Despite progress in trade talks between the U.S. and China, oil futures gave up early gains

Recap: After posting fresh three month highs on Friday, crude oil prices fell sharply lower Monday following tweets by U.S. President Donald Trump calling on OPEC to “relax and take it easy” on boosting oil prices. Despite progress in trade talks between the U.S. and China, oil futures gave up early gains. Monday’s pressure pushed April WTI to a low of $55.08 a barrel, for a loss of 3.8 percent, while April Brent fell equally as much, hitting a low of $64.55 a barrel. Losses were pared, with April WTI settling at $55.48 a barrel, down $1.78, or 3.11 percent, and Brent for April delivery falling $2.36, or 3.52 percent, to settle at $64.76 a barrel. March RBOB fell 4.1% to $1.545 a gallon and March heating oil eased by 2.8% to $1.974 a gallon.

Technical Analysis: April WTI failed above weekly support at $57.05, the 38% retracement set by the October high of $79.20 and the December low of $43.36. This combined with the spot contract settling below $55.89, the 10-day moving average put technical longs on the defensive. With moving oscillators crossing to the downside should lead to additional downside movement. Support is set at $55.00 and below that at $53.96. Resistance is set at $55.89 and above that at $56.70.

Fundamental News:  Goldman Sachs analysts said the near-term outlook for oil is modestly bullish over the next two to three months, but added that the outlook for later in 2019 was weaker due to an increase in US exports and an increasing uncertain economic policy and geopolitical backdrop.

US President Donald Trump expressed concern about oil prices and reiterated his previous calls on OPEC to keep prices steady.  He called on OPEC not to raise prices. 

US President Donald Trump and North Korea’s Kim Jong Un are scheduled to hold a second summit on Wednesday and Thursday in Hanoi with no real expectation of a final deal on ridding the country of nuclear weapons.  Speculation the Trump administration is open to a limited deal at the summit had raised expectations the two sides might declare an end to a technical state of hostilities that has existed on the Korean peninsula since the 1950-1953 Korean War ended with an armistice, not a truce.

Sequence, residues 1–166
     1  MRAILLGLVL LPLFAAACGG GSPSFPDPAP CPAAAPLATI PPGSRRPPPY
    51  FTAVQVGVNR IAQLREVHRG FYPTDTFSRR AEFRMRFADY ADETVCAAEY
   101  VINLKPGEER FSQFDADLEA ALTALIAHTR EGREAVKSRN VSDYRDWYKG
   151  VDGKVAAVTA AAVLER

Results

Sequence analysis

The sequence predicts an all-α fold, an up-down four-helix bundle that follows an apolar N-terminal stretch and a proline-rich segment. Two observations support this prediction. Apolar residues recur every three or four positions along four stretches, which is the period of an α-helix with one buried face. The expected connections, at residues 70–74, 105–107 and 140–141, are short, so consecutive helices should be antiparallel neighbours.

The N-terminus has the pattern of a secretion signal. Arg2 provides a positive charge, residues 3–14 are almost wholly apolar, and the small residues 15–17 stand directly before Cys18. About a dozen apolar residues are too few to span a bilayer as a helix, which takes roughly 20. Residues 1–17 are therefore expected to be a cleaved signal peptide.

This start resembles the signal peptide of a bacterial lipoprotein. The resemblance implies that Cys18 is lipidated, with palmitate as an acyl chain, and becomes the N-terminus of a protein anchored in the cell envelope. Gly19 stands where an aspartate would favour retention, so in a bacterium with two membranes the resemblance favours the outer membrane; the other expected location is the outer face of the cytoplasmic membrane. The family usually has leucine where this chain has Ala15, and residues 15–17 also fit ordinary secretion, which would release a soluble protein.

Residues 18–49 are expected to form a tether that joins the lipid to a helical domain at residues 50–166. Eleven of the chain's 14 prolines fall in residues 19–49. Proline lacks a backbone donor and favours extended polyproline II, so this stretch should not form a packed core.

The Wall Street Journal reported that Saudis will likely push to maintain OPEC output cuts despite US pressure. 

Angola’s Sonangol reported that the country’s crude oil production fell to 1.478 million bpd in 2018, from 1.632 million bpd in 2017 due mainly to ageing oil fields. 

Azerbaijan’s Energy Minister, Parviz Shahbahzov, said the country wants to see stability in oil prices before deciding whether to support any extension of global cuts in crude output.  He said oil at $60-$70/barrel is in the interests of suppliers and consumers.  He said Azerbaijan has not yet achieved 100% compliance with pledged oil cuts but is moving in that direction. 

Crude oil exports from Iraq’s southern ports on the Gulf totaled 3.565 million bpd so far in February.  Exports from Iraq’s southern Basra ports fell to 3.556 million bpd in January, down from a record high of 3.63 million bpd in December.  Shipments from the southern terminals are expected to stay at around 3.55 million bpd this month, in accordance with an OPEC and non-OPEC output cut agreement. 

IIR Energy reported that US oil refiners are expected to shut in 1.3 million bpd of capacity in the week ending March 1st, increasing available refining capacity by 506,000 bpd from the previous week.  IIR expects offline capacity to fall to 1.08 million bpd in the week ending March 8th. 

Early Market Call – as of 8:15 AM EDT

WTI – Apr $55.63, up 15 cents

RBOB – Mar $1.5605, up 1.5 cents

HO – Mar $1.9941, up 1.89 cents

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